When Corporations Rule the World
Chapter by Wayne Visser
Extract from The Top 50 Sustainability Books
- We have been seduced by ‘corporate libertarianism’, which demands that all political, economic, and civic barriers to the free reign of corporate interests be removed.
- The result of this unhealthy power in corporate hands is ecological destruction, the loss of civil freedoms, the erosion of democracy and community disintegration.
- Although the current corporate globalization represents a failure of governments, it is more fundamentally a failure of the global capitalist economic system.
- Instead, we should be striving for ‘democratic pluralism’, which requires a “pragmatic, institutional balance between the forces of government, market, and civic society.”
- We are on the cusp of an Ecological Revolution, which puts people ahead of corporations, local communities ahead of global trade and nature ahead of money.
When Corporations Rule the World suggests that the promises of the global economy are based on a number of myths: that growth in GNP is a valid measure of human well-being and progress; that free unregulated markets efficiently allocate a society’s resources; that growth in trade benefits ordinary people; that economic globalization is inevitable; that global corporations are benevolent institutions that if freed from governmental interference will provide a clean environment for all and good jobs for the poor; and that absentee investors create local prosperity.
Korten believes that these myths are finally being unmasked and challenged by an Ecological Revolution that calls us “to reclaim our political power and rediscover our spirituality to create societies that nurture our ability and desire to embrace the joyful experience of living to its fullest.” He argues that instead of concentrating on increasing economic growth and GDP, we should concentrate on ending poverty, improving our quality of life, and achieving a sustainable balance with the Earth.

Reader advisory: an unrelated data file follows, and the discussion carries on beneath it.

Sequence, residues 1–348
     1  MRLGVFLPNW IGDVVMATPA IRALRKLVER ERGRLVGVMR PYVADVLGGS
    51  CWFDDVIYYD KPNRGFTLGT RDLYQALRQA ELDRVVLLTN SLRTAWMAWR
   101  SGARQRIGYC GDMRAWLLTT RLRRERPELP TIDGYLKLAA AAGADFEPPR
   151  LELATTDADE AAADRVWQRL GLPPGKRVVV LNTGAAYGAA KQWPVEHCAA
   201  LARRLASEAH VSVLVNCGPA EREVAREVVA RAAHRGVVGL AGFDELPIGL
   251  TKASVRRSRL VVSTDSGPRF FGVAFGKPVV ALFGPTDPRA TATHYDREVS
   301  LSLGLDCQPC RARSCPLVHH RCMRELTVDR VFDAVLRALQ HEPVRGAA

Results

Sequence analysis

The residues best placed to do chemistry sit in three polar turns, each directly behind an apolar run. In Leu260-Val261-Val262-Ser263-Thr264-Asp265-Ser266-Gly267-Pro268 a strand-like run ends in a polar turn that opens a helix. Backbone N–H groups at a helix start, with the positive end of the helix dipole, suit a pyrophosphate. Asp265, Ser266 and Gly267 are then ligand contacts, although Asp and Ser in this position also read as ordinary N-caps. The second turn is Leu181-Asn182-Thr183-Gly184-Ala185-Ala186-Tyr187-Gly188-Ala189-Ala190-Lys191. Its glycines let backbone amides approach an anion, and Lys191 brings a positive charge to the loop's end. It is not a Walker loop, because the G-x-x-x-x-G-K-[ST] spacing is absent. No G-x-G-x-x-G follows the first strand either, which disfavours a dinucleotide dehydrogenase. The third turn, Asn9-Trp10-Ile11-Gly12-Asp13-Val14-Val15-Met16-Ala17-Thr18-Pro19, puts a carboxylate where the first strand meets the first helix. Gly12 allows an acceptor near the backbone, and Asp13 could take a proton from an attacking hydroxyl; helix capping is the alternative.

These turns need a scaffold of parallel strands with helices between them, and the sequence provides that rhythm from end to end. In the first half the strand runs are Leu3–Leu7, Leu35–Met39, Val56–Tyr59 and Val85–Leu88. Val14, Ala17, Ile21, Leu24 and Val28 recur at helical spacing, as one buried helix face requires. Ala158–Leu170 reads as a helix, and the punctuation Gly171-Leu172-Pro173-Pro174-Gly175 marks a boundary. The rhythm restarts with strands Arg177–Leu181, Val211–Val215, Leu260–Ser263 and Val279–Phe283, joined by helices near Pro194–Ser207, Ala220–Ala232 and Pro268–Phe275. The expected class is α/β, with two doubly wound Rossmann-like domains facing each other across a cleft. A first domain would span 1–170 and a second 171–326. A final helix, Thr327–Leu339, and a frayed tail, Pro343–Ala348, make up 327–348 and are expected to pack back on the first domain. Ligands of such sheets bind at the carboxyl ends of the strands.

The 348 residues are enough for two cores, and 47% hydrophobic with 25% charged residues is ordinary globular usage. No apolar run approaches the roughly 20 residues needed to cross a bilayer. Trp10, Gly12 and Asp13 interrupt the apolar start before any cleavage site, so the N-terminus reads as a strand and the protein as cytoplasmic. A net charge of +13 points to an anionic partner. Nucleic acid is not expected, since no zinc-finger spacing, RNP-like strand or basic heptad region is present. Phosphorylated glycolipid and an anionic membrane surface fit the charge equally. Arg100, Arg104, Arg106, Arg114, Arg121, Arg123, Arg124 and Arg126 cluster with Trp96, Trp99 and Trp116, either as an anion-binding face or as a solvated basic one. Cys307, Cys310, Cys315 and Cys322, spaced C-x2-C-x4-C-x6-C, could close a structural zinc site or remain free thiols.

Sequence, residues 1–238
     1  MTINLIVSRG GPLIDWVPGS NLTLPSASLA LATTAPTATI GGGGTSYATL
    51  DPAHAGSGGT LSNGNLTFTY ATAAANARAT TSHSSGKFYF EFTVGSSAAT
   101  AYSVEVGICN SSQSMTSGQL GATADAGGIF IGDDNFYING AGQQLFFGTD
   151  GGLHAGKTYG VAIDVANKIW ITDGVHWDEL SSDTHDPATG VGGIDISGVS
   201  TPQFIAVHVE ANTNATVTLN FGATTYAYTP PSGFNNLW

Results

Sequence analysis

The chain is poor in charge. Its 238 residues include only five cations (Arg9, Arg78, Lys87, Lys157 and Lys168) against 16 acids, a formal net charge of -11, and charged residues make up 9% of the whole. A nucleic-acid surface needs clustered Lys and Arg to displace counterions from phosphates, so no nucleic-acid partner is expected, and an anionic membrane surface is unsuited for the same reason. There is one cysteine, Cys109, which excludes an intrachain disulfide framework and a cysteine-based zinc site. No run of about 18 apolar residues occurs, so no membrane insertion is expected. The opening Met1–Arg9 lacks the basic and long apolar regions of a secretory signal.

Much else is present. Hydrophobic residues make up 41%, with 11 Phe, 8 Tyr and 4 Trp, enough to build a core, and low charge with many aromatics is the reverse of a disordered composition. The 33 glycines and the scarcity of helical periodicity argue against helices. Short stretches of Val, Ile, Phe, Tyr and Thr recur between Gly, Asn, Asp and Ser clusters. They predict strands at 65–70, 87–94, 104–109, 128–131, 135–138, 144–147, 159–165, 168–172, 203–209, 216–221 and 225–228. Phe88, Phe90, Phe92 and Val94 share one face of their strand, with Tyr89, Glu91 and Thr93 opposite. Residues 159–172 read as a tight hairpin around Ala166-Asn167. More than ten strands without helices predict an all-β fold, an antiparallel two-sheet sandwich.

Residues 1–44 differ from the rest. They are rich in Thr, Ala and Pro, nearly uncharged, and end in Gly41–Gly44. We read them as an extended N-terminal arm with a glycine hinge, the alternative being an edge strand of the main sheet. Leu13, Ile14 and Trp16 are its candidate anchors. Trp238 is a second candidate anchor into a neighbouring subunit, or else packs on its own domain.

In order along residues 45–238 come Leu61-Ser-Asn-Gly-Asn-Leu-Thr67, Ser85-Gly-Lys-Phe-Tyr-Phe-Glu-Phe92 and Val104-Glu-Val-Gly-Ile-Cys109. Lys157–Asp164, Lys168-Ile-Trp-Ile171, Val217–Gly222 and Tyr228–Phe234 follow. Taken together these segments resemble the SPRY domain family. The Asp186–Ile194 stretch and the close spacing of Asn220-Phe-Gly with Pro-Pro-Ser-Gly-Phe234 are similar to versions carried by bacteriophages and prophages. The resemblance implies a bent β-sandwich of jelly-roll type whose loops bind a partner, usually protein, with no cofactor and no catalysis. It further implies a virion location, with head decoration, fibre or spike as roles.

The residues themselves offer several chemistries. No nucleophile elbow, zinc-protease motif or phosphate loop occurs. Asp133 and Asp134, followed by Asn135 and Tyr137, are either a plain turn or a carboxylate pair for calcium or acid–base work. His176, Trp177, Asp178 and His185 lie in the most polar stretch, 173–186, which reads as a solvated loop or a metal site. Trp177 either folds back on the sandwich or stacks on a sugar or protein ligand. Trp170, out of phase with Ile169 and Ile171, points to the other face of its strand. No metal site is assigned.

In order to achieve this goal of “sustainable well-being for all people”, Korten believes that we need a multilevel system of nested economies with the household as the basic economic unit, up through successive geographical aggregations to localities, districts, nations, and regions. Each level would seek to function as an integrated, self-reliant, self-managing political, economic and ecological community.
A corporations of the future needs to show that it is “committed to investing in the future; providing employees with secure, well-paying jobs; paying a fair share of local taxes; paying into a fully funded retirement trust fund; managing environmental resources responsibly; and other wise managing for the long-term human interest. Such companies are a valuable community asset, and in a healthy economy, they pay their shareholders solid and reliable – but not extravagant – dividends over the long term.”
The Guiding Principles for an Ecological Revolution include environmental sustainability, economic justice, biological and cultural diversity, subsidiarity (where the economy serves human needs, not the needs of money, corporations or governments), intrinsic responsibility (internalising externalities), and common heritage (of the planet’s environmental resources and the accumulated human knowledge) …
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Cite this chapter
Visser, W. (2009) When Corporations Rule the World, In W. Visser & Cambridge Programme for Sustainability Leadership, The Top 50 Sustainability Books, Sheffield: Greenleaf.